Over the past few years, the use of captive insurance companies by community banks has been on the rise. Reasons that community banks have found these arrangements beneficial as a part of their risk management process include things such as increased access to types of coverage that may otherwise be cost-prohibitive in the general marketplace, reduced insurance costs, flexibility in the underwriting and claims processes, and pricing stability along with many other incentives.
Consider Administrative Costs
While captive insurance companies have the potential to provide substantial benefits to community banks, the administrative costs of these arrangements should be carefully considered before entering into this type of an arrangement. There are additional costs for things such as actuaries to compute premium amounts and management duties (generally outsourced) that must be taken into consideration when measuring the potential benefits of a captive insurance company.
There are tax consequences to consider when evaluating the use of a captive insurance company as well. If the captive receives $2.2 million or less of premium payments during a year (prior to 2017 the maximum annual premiums limitation was $1.2 million), then the captive is eligible to make an IRC Sec. 831(b) election, in which the company elects to be treated as a “small insurance company.” With this election in place, only investment income is taxable to the captive, and the premiums received are not subject to taxation. However, the bank still receives a tax deduction for the premiums paid to the captive. On a consolidated basis, this results in a permanent tax deduction in the amount of premiums paid from the bank to the captive.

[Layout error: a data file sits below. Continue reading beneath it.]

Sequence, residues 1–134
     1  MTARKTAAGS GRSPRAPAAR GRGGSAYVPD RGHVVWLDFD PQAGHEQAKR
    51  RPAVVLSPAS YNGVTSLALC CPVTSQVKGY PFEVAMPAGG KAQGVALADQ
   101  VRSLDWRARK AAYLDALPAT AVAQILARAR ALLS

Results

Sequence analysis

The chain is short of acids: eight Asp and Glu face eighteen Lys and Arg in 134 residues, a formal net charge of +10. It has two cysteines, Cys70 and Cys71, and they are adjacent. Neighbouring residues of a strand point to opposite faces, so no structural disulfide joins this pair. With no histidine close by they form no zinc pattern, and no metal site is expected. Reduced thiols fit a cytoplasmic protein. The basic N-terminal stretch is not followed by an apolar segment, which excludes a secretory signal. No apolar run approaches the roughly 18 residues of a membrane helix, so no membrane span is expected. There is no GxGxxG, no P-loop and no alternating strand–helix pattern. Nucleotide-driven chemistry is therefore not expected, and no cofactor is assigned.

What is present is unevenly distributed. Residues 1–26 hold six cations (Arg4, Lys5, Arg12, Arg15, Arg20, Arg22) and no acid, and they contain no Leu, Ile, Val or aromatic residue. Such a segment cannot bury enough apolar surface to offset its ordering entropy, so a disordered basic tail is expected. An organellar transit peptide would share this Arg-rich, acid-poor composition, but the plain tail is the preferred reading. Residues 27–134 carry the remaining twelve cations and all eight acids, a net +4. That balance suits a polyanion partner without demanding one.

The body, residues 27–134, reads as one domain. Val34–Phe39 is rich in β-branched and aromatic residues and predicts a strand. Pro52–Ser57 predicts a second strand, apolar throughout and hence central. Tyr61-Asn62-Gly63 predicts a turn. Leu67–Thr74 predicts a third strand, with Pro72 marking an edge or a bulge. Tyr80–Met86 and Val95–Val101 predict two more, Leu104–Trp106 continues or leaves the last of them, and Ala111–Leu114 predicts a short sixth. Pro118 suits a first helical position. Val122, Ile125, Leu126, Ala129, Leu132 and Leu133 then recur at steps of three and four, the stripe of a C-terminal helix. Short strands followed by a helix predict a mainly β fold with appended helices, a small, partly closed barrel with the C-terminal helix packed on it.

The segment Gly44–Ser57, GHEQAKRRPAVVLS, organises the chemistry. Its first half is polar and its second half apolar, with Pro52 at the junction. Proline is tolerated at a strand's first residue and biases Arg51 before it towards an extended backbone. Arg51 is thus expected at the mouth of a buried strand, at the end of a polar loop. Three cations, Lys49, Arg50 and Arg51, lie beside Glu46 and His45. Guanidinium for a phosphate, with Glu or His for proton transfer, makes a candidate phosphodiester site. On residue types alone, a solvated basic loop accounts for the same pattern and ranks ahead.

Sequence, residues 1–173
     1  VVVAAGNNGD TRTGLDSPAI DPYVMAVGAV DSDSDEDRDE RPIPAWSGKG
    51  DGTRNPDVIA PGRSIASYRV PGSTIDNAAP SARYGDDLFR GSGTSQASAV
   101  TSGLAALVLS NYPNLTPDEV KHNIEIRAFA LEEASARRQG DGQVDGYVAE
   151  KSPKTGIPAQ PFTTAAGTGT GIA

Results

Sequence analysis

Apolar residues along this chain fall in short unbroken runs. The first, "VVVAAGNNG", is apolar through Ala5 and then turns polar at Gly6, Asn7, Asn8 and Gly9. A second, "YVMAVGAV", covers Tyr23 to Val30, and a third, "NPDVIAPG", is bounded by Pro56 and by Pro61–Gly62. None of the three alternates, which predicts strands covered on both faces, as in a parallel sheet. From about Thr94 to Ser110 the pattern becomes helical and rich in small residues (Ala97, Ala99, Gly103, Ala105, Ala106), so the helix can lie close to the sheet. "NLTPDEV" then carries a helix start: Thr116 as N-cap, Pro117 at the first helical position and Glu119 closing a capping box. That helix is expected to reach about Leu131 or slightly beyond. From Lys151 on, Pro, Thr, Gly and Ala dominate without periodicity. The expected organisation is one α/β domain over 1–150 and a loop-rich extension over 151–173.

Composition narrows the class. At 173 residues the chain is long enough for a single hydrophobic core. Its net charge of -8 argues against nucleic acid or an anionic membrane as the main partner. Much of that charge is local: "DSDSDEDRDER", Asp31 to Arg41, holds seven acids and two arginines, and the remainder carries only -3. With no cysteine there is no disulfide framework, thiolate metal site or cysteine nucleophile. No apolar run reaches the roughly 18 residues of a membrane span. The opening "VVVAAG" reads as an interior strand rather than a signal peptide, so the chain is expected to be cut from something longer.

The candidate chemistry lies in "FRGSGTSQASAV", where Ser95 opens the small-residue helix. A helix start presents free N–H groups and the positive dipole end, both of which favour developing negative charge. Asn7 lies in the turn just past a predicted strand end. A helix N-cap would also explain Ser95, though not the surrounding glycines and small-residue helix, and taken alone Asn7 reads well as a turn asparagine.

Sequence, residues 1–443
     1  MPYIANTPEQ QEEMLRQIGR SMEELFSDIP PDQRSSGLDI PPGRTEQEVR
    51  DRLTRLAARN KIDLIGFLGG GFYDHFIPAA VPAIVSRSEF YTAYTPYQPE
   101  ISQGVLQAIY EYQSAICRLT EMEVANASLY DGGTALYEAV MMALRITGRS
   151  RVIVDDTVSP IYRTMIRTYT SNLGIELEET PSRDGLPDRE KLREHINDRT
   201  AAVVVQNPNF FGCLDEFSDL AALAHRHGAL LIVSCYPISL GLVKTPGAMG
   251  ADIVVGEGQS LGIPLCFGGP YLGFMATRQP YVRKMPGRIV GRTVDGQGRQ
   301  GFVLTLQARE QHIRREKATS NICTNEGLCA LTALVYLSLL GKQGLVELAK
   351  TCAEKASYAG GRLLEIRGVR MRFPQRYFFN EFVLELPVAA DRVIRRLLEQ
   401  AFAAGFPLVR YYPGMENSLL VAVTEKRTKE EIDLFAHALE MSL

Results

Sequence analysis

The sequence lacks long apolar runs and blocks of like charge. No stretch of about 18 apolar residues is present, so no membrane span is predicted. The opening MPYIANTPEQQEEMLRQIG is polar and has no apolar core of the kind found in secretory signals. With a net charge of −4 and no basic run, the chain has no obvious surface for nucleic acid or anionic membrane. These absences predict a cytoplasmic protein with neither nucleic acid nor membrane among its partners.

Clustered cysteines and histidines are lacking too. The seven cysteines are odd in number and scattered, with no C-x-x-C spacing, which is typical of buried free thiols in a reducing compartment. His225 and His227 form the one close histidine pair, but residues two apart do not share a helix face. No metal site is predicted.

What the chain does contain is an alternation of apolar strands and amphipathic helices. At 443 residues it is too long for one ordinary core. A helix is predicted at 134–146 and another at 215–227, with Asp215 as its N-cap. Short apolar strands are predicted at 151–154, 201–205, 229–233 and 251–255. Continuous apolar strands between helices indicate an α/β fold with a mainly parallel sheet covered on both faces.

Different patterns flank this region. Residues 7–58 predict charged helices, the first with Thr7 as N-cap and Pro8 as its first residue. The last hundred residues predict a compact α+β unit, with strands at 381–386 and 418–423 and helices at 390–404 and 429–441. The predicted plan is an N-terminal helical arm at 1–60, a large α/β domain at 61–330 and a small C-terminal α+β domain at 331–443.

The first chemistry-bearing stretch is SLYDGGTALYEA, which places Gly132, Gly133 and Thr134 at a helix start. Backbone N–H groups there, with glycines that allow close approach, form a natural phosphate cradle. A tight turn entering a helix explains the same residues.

In the past, some taxpayers abused these tax rules by forming captive insurance companies that did not legitimately mitigate any risks of the insured corporation. Instead they would write policies to insure risks that had virtually no probability of ever occurring (like hurricane insurance for an entity located in plains states). They would receive the tax benefits from deducting the premiums each year, and the captive could then ultimately liquidate tax-free into its parent company and return all of the premium payments in full since no claims were ever made on the insurance company, and no income tax was ever paid on the receipt of the premiums.
The IRS recognized the abuse occurring in these sham arrangements, and in fact listed captive insurance companies on their “dirty dozen” list of sham transactions in years past. To combat the abusive arrangements, this past November, the IRS issued some stringent reporting requirements for participants in captive arrangements. Also, Congress put forth a risk-sharing standard of the PATH Act in order to share risk adequately for IRS purposes.
While the benefits of a captive insurance company may be significant, the administrative burdens and increased IRS risk profile associated with forming and operating a captive require careful consideration by bank management.
Contact your Eide Bailly Professional for assistance with risk management.
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